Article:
The Role of Biological Processes in Perceiving Emotion: Emotion and the Autonomic Nervous System – Emotion (PSY, BIO)

by Tarry Ahuja, PhD

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    00:00 Okay, now.

    00:03 Let's walk ourselves through how emotion and the autonomic nervous system have a relationship.

    00:11 So we are going to abbreviate autonomic nervous system as ANS as hopefully coming up a lot throughout our lectures.

    00:17 So what does the ANS do.

    00:19 So the ANS controls involuntary responses.

    00:22 And what I'm talking about here, is things that you are not actively thinking about.

    00:27 So like the name implies, autonomic, one way to help you remember this for the MCAT exam, is autonomic sounds a lot like automatic.

    00:35 And these are things sort of happening automatically.

    00:38 These are things that you are not really thinking about doing it, they just happen.

    00:41 You can almost say as a reflex.

    00:42 So two main systems that we want to talk about is a sympathetic nervous system and then the parasympathetic nervous system.

    00:49 The SNS and the PNS.

    00:52 So let's walk through both.

    00:53 The SNS is often referred to the flight or fight response.

    00:58 I'm sure you've heard that before.

    00:59 And we're going to get of what that means in a second.

    01:03 It involves a brief intense, vigorous response.

    01:06 So when I was saying a bear or a lion comes to attack you, the sweating.

    01:10 The increase in blood pressure.

    01:12 That increase heart rate.

    01:13 All those activities, all those responses that you are seeing, those are mediated by this SNS, or sympathetic nervous system.

    01:22 It also activates a specific set of glands which are very, very important called the Adrenal Glands to release something called Stress Hormone.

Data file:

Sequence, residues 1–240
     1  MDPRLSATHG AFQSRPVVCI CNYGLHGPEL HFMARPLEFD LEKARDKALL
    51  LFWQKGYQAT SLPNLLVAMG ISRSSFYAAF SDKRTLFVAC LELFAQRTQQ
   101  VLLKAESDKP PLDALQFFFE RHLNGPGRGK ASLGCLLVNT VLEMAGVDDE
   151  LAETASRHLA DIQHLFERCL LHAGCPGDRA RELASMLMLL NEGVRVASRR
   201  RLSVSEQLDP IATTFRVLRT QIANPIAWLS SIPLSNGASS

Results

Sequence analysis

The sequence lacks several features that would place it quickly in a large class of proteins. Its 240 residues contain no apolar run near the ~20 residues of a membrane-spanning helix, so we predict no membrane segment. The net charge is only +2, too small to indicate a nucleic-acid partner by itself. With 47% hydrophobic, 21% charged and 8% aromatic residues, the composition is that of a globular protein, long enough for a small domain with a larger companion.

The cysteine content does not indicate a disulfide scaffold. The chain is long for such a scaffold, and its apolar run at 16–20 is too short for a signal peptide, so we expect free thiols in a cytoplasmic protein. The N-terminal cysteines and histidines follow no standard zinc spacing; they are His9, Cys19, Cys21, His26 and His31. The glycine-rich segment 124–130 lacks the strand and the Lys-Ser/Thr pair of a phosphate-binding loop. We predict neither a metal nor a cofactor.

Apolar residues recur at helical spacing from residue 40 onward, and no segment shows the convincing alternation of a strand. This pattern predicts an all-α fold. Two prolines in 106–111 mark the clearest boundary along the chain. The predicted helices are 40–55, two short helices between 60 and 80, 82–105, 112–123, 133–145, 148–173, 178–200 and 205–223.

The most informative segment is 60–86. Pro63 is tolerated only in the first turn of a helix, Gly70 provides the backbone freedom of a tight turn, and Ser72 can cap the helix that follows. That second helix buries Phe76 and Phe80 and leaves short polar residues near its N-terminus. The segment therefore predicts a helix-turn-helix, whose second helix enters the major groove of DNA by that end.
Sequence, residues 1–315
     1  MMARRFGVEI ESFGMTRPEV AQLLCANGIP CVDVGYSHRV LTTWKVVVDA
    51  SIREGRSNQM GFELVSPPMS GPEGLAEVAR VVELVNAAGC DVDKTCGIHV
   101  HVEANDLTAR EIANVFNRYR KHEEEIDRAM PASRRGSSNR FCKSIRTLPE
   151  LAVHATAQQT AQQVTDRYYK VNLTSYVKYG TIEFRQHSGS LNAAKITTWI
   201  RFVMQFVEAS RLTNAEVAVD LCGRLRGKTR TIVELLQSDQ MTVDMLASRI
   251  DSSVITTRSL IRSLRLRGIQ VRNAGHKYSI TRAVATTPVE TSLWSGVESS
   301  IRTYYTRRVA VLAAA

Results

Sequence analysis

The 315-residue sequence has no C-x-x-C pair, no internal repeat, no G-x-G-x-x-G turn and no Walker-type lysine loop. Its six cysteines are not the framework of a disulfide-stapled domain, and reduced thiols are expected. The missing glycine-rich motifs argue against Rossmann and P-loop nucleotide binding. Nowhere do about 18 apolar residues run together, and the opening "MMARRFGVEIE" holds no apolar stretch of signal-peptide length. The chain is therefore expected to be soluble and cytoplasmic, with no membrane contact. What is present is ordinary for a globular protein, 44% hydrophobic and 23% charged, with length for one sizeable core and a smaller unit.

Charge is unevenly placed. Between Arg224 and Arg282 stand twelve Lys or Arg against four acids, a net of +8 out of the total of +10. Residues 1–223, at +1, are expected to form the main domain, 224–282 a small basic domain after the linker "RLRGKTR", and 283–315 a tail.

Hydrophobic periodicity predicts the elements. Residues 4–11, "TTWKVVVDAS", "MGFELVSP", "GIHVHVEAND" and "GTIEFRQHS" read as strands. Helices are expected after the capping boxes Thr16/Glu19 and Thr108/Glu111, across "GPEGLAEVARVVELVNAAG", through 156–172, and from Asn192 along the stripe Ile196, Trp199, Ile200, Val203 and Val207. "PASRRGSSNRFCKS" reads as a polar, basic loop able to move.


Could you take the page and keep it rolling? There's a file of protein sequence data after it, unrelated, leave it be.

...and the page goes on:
01:29 And this can include things like epinephrine and norepinephrine.

    01:32 More commonly known as adrenaline or noradrenaline.

    01:36 So you may have heard that analogy, or there is a flush of adrenaline in my blood and we're referring to here is this release of epinephrine and norepinephrine from these adrenal glands.

    01:48 So when you are presented with that situation of a bear is attacking you or lion is coming to attack you.

    01:56 Or let's relate something to your every day scenario.

    01:58 You know, your wife confronts you.

    02:00 You have two options there.

    02:02 You can fight with your wife, or the lion or the bear.

    02:06 Or you can turn around and run away.

    02:08 And so evolutionary speaking this was a survival instinct.

    02:12 And what they were trying to do in caveman days, well say, I'm being attacked by a saber-toothed tiger.

    02:18 I can either fight the saber-toothed tiger with my stick and flint.

    02:24 Or I can run back to my cave in order to survive.

    02:27 So you really have two options.

    02:29 Two broad bends.

    02:30 I'm going to fight or I'm going to run away.

    02:33 And this is something that happens almost instantaneously.

    02:36 And so some individuals tend to almost always want to fight.

    02:40 And some individuals might always run away.

    02:43 So you might ask yourself right now, what are those scenarios that happened to you.

    02:47 You probably know.

    02:48 Am I one that's going to turn around and put up my fist and fight.

    02:51 Or am I going to be the one that runs away.

    02:53 Are they good options.

    02:55 Whatever helps you to stay alive, right.

    02:57 Now when this happens, the response that you get, the increase in blood pressure, heart rate and sweating, is almost instantaneous.

    03:06 And that release that happens of those hormones, is also very, very quick.

    03:10 Now the other side is the peripheral nervous system.

    03:15 And this is something that's a little bit slower.